To Ashok Sukumaran, art is what happens when the two worlds collide.
"Surveillance cameras, almost everywhere now, form an almost alternative city, from what the camera sees and who has access to it," said Sukumaran, an artist-in-residence at Sun Labs, the applied research and development arm of Sun Microsystems. "The larger question is, in what way will these devices affect our physical lives?"
In his most recent work for Sun Labs, which debuted last weekend in San Jose, Calif., Sukumaran attempted to illuminate the virtual world with an experiment using Sun Labs' SunSPOTs (Small Programmable Object Technology) wireless-sensor technology.
Sukumaran's project, called "Park View Hotel," borrowed from the old saying that a camera's "gaze" changes the way a person looks. His project flipped that expression, to change the way the world looks to a person. By pointing an infrared beam at a nearby hotel, passers-by in a local park could activate sensors inside hotel rooms up to 200 feet away, and cause them to light up andthe surrounding environment.
The interactive art exhibit took place in Cesar Chavez Park and the adjacent San Jose Fairmont Hotel last weekend. For Sun, it was more than just interesting art: It was a real-life use of sensor technology that could be used in something as mundane as home appliances or in something as complex as a computer network.
"Ashok's art adds a new dimension to our understanding of technology and its impact," Glenn Edens, director of Sun Labs, said in a statement.
Trained as an architect, Sukamaran, 31, has been a new-media artist for six years. Sukumaran, a native and current resident of India, earned a master of fine arts (MFA) degree in media art at the University of California, Los Angeles in 2003. That same year, he was project director for an exhibition that blended multiple scientific disciplines to explore the intersection of digital art and nanoscale science, held at LACMALab in Los Angeles.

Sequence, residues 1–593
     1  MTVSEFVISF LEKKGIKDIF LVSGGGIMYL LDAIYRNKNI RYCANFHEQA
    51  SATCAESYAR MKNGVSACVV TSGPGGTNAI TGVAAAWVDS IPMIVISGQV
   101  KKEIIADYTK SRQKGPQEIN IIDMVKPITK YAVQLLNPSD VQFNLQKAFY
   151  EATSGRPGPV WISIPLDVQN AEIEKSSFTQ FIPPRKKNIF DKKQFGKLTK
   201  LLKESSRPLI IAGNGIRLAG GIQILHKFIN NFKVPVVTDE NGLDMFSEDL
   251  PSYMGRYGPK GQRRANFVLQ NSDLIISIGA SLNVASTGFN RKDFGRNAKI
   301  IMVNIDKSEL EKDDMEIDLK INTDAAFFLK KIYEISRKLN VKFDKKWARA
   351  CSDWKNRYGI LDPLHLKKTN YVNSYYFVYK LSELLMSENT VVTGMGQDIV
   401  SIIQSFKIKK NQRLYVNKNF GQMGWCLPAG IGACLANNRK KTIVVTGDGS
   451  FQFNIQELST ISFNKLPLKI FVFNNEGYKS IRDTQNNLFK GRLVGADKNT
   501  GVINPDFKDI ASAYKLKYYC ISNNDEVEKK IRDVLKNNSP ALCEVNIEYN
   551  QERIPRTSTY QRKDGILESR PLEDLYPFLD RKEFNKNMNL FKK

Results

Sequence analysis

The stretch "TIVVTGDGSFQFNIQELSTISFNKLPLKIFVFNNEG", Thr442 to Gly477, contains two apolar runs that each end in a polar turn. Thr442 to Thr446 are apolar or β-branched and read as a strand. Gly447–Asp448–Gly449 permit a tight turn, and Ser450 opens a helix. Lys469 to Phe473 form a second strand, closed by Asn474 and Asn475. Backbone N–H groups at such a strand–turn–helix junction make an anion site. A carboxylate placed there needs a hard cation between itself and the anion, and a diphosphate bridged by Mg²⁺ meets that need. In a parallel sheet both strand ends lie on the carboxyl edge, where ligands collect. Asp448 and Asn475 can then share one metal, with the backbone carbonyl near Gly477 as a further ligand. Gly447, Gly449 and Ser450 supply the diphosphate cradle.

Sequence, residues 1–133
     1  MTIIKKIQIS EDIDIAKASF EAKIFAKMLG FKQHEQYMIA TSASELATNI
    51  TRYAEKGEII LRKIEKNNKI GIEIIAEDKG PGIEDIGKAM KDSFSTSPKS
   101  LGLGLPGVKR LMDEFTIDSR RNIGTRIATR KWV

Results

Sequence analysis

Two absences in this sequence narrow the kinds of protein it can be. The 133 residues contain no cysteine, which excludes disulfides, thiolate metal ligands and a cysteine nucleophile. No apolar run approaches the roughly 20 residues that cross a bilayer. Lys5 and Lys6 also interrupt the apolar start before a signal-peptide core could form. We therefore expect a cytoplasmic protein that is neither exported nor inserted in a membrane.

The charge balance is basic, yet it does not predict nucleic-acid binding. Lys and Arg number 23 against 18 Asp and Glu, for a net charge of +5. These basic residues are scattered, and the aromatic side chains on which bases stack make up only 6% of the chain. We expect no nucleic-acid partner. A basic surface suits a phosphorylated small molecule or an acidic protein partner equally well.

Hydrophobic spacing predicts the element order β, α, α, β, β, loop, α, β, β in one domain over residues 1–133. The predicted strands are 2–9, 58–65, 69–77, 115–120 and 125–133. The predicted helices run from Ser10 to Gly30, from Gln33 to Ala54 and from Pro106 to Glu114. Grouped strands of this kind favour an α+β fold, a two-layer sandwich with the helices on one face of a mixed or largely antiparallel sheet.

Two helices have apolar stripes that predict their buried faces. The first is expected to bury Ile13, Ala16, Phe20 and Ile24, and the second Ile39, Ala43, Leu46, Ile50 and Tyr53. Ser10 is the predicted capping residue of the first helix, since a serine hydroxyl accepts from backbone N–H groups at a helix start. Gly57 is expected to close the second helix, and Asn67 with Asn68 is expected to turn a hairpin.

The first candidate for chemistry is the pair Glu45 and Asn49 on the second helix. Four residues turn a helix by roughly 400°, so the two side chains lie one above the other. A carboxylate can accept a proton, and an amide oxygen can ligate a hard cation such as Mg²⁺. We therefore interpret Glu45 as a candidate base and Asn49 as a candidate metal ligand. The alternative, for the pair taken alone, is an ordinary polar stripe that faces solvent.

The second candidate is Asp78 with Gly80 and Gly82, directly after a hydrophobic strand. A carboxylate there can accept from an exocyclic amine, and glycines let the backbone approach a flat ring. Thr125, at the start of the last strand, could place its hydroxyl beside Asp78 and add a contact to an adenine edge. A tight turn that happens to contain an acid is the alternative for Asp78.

He accepted Sun Lab's first-ever artist-in-residence position in September, and his work ended with the Park View project. It was on display at the Inter-Society for Electronic Arts (ISEA) Symposium in San Jose through last weekend.
The project used two telescope-like devices equipped with an invisible infrared beam. People used the scopes, which were mounted on tripods and set up in the park, to peer inside rooms at the Fairmont.
With the scopes, onlookers could scan the rooms to find any one of six rooms in the Fairmont that were equipped with wireless sensor technology, which was connected and controlled by SunSPOTs. The infrared beam in the scope triggered sensors in the room, which then triggered the lights to change to yellow, red, blue or green. No one in the hotel could see the beams, but the SunSPOTs picked them up and controlled lights in the room.
When the room's lights began to change color--from yellow to blue to green--the onlooker with the scope could push a button to activate the sensor network and literally cause the color of the room to leak out into the park. The SunSPOTs sent a radio message through its network--there were about 45 sensors wired to the exterior of the hotel--from the hotel room to the swimming pool, to the street lamp post, down to a tree in the park.
"Suddenly you see street lights turn yellow, or blue," Sukumaran said.
"It takes a private experience in the hotel room, which is unoccupied, and leaks it into the park," he added. "It feels dangerous, it feels like an invasion of privacy, but legally, it's not."
According to Sun Labs, the SunSPOThas applications for everyday objects, not simply for art. For example, a sensor on a coffee mug could detect and notify you when the coffee reaches the desired temperature, or send a command to the coffeemaker to start a fresh pot when the cup is empty.
"We've learned to operate the phone. But when you talk about devices in any form--like touching a table, and it can have any number of results, depending on what the table is or waving at something for it to identify you--this is a different domain than the electronic spaces we're used to," Sukumaran said. "The normal things we do in the physical world, like pointing, looking, touching, moving, rolling, have new meaning because (of new devices)."